Joel Mowbray

With war still raging, the State Department is planning to hold a “Baghdad Conference” a mere six weeks after the conflict ends to determine an interim leadership and to establish a framework for its new government—something that many inside the administration fear could give the House of Saud undue influence in a post-Saddam Iraq.  The plan is modeled after the Bonn Conference, which Zalmay Khalilzad, now U.S. special envoy to Iraq, oversaw to prepare a transitional government that eventually succeeded the Taliban.

  Administration officials and various outside experts agree that a Baghdad Conference, if it happens, would be simply the latest attempt by State to undermine the umbrella organization of democratic Iraqi opposition groups, the Iraqi National Congress (INC). 

  State is already placing—or attempting to place—pro-Saudi individuals in important positions in a post-Saddam Iraq:

· Assistant Secretary of State for Consular Affairs Maura Harty recently tapped Beth Payne—who one senior State official says “enjoys a cozy relationship with the Saudis,” even though her job has been to recover abducted American children trapped in the desert prison—to take over the consular section at the new Baghdad embassy. 

· State last month forced the Pentagon to appoint longtime diplomat Barbara Bodine—who temporarily refused the FBI entry into Yemen to investigate the U.S.S. Cole—to be civilian administrator in Baghdad.  Bodine has extensive ties to Iraqis—but not the right ones.  Notes a senior administration official, “She only knows the Ba’athists, because that’s who she dealt with, and she’s never bothered getting to know the democratic opposition very well.”  With a long career centered mostly in the Middle East, administration officials describe Bodine as an Arabist who favors traditional, “stable” Arab regimes—the kind where democracy does not flourish. 

· State’s top pick for ambassador to the post-Saddam Iraq is Deputy Assistant Secretary of State for Near Eastern Affairs Ryan Crocker, who shares Bodine’s worldview. 

  But State may not get Bodine into Baghdad; the Pentagon is pushing back to get someone else in that position.  And Crocker will undoubtedly run into opposition from the White House, where the President’s vision of a democratic Iraq is diametrically opposed to Crocker’s view of the Arab world.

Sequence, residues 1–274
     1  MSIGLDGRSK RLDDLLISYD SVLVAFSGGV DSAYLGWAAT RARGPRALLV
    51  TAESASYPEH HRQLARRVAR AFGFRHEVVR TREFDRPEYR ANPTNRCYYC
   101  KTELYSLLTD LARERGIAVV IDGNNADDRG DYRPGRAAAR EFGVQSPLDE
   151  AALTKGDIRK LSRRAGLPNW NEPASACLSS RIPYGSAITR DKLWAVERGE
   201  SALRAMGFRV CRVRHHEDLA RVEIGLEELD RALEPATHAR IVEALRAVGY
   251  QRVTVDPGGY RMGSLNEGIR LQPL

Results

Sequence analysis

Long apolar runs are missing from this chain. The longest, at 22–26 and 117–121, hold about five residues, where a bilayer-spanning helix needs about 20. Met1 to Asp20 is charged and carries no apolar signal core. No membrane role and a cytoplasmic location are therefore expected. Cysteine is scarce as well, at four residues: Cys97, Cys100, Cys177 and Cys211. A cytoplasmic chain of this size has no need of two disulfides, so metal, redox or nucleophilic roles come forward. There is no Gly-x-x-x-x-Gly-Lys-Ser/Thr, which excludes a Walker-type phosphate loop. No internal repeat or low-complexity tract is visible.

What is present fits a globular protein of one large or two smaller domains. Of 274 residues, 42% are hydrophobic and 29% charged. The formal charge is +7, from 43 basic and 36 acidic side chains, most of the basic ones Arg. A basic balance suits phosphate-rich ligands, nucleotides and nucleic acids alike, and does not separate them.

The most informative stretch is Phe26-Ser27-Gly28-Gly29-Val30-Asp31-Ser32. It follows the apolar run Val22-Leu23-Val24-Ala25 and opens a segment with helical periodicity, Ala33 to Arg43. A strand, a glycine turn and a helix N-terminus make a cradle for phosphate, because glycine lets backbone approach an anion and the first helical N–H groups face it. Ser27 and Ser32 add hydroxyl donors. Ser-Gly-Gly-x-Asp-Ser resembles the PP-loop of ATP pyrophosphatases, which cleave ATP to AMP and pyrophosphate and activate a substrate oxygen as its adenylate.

The greatest friend the House of Saud might have in the post-Saddam Iraq, though, is Adnan Pachachi, the octogenarian former foreign minister, who is openly backed by the House of Saud.  State sees Pachachi as the most viable alternative to the INC, and even gave its tacit approval to a conference he organized in London on Sunday as part of a campaign to undermine the staunchly pro-democracy INC.  One administration official says that Khalilzad is "so obsessed with Pachachi that he forced Jalal Talibani [leader of the Patriotic Union of Kurdistan, an INC member organization] to put Pachachi on the Iraqi opposition leadership council." But Pachachi was not interested, at least not in being part of the same leadership committee as Dr. Ahmad Chalabi, the head of the INC—and he said as much in a Financial Times column last month.  Yet State persists in wooing Pachachi.

  But perhaps the greatest threat to the INC and democracy—and the greatest boon for the House of Saud—is the proposed Baghdad Conference.  If held soon after the smoke clears, only the Ba’athists would be likely to come forward.  Since anyone of significance in Iraqi society is a Ba’ath Party member, some party members will necessarily be in the new government—but weeding out Ba’athists will take longer than six weeks.  Likely the only people willing to come forward from within Iraq right after the fall of Saddam’s regime are people who were part of it because, as one administration official notes, “It takes time for the fear to wear off.”

 State’s attempts to thwart the INC have gotten so bad that a group of five Senators—Jon Kyl (R-AZ), Sam Brownback (R-KS), Rick Santorum (R-PA), John McCain (R-AZ), and Norm Coleman (R-MN)—sent a letter Monday to President Bush, calling on him to “personally clear the bureaucratic road blocks from within the State Department” and get funding and other support to the INC.  As they note in the letter, “American lives are at stake.”


Joel Mowbray

Joel Mowbray, who got his start with Townhall.com, is an award-winning investigative journalist, nationally-syndicated columnist and author of Dangerous Diplomacy: How the State Department Threatens America's Security.

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